Paul Lakowski wrote:Hitting a stationary battleship in a port @ 27km [30,000 yards] is not the same as fighting and hitting a maneuvering warship shooting back @ 26,000 yards.
Who said anything about hitting a stationary battleship in port @ 27km?

Plain Old Dave
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Re: Plan Z

Post by Plain Old Dave » 15 May 2017 11:44

Takao wrote:
Plain Old Dave wrote:Cruisers were always seen as preparation for battleship command. Your assertion is similar to criticizing a high school freshman for not being able to write a collegiate thesis.
If your high school freshman cannot throw strikes at a high school level, he is not going to be throwing strikes in college, the minor leagues, or the big leagues...You need to know how to get the ball over the plate, before you can move to the next level.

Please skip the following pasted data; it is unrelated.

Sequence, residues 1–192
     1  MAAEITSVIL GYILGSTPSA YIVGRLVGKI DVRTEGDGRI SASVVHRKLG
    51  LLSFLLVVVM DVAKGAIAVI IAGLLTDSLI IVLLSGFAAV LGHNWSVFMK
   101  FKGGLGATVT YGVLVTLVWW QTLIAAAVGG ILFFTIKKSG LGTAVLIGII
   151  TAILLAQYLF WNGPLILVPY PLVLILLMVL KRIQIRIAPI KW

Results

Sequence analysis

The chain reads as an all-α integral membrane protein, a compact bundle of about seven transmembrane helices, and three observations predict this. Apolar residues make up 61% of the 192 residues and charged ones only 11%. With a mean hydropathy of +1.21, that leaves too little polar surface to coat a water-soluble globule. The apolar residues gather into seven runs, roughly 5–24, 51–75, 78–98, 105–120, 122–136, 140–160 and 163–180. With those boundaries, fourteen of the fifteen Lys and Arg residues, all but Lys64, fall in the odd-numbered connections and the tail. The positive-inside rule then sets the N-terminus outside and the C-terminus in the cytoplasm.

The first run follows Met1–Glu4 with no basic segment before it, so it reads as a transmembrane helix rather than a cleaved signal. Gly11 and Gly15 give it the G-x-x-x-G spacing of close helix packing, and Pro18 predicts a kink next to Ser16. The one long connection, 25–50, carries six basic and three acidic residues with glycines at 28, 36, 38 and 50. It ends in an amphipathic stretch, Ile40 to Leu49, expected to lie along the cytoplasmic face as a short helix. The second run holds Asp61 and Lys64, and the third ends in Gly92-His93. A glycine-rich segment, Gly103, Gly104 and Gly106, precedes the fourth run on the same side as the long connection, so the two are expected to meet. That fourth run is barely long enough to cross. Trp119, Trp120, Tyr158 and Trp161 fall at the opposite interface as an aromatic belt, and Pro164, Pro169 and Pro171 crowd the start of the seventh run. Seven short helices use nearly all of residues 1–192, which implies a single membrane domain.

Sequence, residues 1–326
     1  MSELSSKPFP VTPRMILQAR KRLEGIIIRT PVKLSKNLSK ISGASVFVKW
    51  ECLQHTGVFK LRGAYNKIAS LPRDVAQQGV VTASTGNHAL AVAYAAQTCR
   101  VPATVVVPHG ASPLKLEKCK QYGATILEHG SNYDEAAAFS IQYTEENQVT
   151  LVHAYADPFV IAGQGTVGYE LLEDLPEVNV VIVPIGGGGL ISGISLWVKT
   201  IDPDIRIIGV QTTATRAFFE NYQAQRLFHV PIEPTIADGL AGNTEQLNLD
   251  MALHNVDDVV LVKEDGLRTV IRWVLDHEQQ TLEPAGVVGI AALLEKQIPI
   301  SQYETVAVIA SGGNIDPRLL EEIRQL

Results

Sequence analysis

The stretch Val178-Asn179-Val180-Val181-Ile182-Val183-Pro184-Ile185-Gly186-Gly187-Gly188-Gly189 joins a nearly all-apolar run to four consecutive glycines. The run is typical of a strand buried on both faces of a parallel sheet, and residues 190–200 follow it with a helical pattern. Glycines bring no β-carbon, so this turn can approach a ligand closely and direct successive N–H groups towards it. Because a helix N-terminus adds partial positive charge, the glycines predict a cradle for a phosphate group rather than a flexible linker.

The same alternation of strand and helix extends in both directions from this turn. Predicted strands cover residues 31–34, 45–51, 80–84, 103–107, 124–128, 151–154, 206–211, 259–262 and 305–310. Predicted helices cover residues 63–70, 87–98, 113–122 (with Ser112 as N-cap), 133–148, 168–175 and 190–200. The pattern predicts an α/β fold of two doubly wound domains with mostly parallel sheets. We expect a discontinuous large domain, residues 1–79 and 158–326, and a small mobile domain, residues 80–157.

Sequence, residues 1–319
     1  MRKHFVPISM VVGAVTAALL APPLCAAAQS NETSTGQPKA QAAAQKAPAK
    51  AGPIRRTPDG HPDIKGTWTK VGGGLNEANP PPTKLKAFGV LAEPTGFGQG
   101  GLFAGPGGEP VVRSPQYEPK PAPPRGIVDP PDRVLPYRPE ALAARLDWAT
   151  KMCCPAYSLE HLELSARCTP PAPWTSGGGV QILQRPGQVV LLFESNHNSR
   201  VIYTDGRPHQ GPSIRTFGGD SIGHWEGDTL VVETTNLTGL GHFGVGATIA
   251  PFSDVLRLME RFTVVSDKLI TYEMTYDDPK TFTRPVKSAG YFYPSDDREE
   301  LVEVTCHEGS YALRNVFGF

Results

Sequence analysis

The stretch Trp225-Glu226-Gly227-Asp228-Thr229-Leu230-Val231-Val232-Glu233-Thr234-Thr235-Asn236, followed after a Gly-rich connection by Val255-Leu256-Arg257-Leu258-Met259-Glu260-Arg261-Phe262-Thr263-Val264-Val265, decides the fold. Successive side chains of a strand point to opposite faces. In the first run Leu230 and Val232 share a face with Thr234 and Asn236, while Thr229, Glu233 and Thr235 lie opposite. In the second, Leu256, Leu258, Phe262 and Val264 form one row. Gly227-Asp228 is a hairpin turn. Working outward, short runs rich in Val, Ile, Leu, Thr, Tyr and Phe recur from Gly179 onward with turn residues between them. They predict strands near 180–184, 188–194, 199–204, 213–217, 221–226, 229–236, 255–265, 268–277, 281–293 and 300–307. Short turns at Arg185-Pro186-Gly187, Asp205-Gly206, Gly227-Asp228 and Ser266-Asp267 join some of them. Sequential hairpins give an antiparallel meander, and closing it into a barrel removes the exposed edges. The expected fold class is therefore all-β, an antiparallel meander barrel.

That was the whole point of cruiser command. In that era, cruisers were used for the same thing large draft supply ships are now: to train commanding officers in large ship shiphandling. Then as now, the thought was you didn't just want to turn an officer loose with the largest ship in the Fleet, so you train them on something a bit smaller but with comparable handling characteristics. Battleship captains almost invariably came from cruisers, as now Carrier captains invariably come from large-draft supply ships.

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Polar bear
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Re: Plan Z

Post by Polar bear » 15 May 2017 13:21

hi,
Plain Old Dave wrote:Math is in order.
yes, indeed, but sea experience, too.
Perfect visual conditions are an excemption at sea, especially in the Arctic Winter